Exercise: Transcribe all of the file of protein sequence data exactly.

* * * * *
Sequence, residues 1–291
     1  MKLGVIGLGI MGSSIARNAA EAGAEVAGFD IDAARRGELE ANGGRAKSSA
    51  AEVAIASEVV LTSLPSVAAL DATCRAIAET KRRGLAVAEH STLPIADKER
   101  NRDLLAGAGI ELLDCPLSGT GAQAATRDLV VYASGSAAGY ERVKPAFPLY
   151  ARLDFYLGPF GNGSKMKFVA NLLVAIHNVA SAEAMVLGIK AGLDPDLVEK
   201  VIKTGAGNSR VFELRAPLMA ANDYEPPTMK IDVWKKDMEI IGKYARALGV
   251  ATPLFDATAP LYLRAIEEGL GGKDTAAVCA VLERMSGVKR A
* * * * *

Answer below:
Sequence, residues 1–291
     1  MKLGVIGLGI MGSSIARNAA EAGAEVAGFD IDAARRGELE ANGGRAKSSA
    51  AEVAIASEVV LTSLPSVAAL DATCRAIAET KRRGLAVAEH STLPIADKER
   101  NRDLLAGAGI ELLDCPLSGT GAQAATRDLV VYASGSAAGY ERVKPAFPLY
   151  ARLDFYLGPF GNGSKMKFVA NLLVAIHNVA SAEAMVLGIK AGLDPDLVEK
   201  VIKTGAGNSR VFELRAPLMA ANDYEPPTMK IDVWKKDMEI IGKYARALGV
   251  ATPLFDATAP LYLRAIEEGL GGKDTAAVCA VLERMSGVKR A